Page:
Ireland edge Springboks in Paris — Five key takeaways
The Boks should make it through to the quarters with a good bonus point win over Tonga in their final pool game.
Manie Libbok of South Africa kicks at goal in the match against Ireland. Picture: Gaspafotos/MB Media/Getty Images
Ireland edged the Springboks 13-8 in a massively entertaining pool B clash at the Stade de France in Saint-Denis on Saturday night to all but confirm their place in the Rugby World Cup knockouts with a game to play.
They aren’t mathematically through as Scotland could possibly stun them in their final pool match which would put the cat among the pigeons, but it is highly unlikely and despite losing, the Boks should make it through as well with a good bonus point win over Tonga in their final pool game.
Here are five key takeaways from the enthralling match:
Boks’ struggles with the boot
The game ended up coming down to the Boks’ inability to convert their kicks as they missed four shots at goal to miss out on 11 points, which proved the difference in the end as Ireland won by five points.
Ireland slotted all three of their kicks, with Johnny Sexton on target with a penalty and a conversion while replacement Jack Crowley added a late penalty.
Manie Libbok’s struggles with the boot continued as he missed a penalty and a conversion, while Faf de Klerk missed two long range penalties from in front, the first striking the uprights and the second pulled to the right of the posts.
Not taking their opportunities
As has been a common theme over the past few years the Boks again created enough chances to win the match but couldn’t convert them. They made a number of 22m entries over the match but were only able to score one try through Cheslin Kolbe after a sublime skip pass from Manie Libbok.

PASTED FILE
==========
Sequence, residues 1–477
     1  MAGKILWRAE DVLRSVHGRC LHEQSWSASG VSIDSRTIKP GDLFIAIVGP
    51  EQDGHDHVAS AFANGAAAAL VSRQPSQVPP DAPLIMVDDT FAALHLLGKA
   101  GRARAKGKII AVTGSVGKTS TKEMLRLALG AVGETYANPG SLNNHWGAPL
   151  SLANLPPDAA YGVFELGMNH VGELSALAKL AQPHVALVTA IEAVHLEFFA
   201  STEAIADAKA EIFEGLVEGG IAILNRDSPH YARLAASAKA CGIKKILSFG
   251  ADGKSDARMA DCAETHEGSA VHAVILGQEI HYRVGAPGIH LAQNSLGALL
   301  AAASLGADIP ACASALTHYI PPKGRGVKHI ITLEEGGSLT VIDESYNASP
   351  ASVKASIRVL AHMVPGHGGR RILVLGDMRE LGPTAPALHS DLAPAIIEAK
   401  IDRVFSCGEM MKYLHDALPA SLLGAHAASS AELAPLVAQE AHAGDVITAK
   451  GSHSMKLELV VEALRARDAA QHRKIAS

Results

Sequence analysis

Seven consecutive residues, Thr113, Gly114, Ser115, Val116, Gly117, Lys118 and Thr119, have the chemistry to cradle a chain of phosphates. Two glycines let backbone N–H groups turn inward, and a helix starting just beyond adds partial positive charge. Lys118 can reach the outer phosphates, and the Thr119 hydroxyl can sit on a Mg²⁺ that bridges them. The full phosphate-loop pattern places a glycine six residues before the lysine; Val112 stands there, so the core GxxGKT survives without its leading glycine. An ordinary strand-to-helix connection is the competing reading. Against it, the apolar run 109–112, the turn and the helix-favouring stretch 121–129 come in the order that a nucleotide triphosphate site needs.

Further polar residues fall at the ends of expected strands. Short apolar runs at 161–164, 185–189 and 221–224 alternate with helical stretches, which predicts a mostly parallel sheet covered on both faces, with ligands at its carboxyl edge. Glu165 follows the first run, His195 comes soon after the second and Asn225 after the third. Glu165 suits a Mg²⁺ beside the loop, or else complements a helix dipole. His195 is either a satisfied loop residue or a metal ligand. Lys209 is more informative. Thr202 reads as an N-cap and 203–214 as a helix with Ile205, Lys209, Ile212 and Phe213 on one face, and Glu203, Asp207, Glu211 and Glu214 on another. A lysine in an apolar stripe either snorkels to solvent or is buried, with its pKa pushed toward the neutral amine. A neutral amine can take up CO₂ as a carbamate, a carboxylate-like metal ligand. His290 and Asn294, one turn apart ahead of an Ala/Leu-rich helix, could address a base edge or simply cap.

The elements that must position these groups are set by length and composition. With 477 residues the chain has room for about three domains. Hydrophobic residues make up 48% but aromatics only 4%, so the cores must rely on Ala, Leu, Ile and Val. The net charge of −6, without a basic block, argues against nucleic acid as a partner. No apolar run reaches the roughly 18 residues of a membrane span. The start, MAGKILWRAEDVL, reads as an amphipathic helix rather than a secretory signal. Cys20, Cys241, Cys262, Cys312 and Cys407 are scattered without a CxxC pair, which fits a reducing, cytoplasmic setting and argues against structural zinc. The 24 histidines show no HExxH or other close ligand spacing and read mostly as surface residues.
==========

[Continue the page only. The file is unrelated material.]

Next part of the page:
However, they were unable to convert from a scrum right in front five metres out, had a skew throw in the dying moments at a lineout on the 5m and were unable to get their driving maul firing as they would have liked. It has been something the Boks haven’t managed to fix and cost them.
Ireland’s misfiring lineout
Ireland’s misfiring lineout looked like it might cost them dearly in the match but in the end it didn’t matter as they escaped despite battling throughout. The Bok locks had a field day stealing numerous balls during the match.
At the start of the game Ireland had early chances in the Boks territory to score, but missed their first two lineouts to allow easy exits by the Boks. In the end they missed six lineouts in total to only nail 12 of their 18 throw-ins and on another day that could prove the difference in winning and losing.
Battle of the centres
It was a massive game for the two teams’ inside centres Damian de Allende and Bundee Aki, who ended up being a well-deserved man-of-the-match. Aki was monstrous with the ball in hand, making 14 carries for 112 metres, with four tackle breaks and one offload.
It was his brilliant break towards the end of the first half that led to Ireland’s only try to Mack Hansen.
De Allende didn’t carry as much, but when he did he was immense with five carries for 43 metres with four tackle busts, while he was massive on defence making 10 tackles.
The power of the Ox
Springbok loosehead prop Ox Nche has to be the most powerful scrummager in world rugby and he proved it again against Ireland. It was a pretty even battle at the scrum for both sides over the first 45 minutes of the match, but once Nche came on to replace Steven Kitshoff early in the second half the tide turned immediately.
He exerted his dominance straight away with two scrum penalties going in his favour after overpowering Tadhg Furlong.
Some dubious calls by the ref over the rest of the half robbed the Boks of the clear dominance that they had there and hopefully that won’t be a factor in the coming games.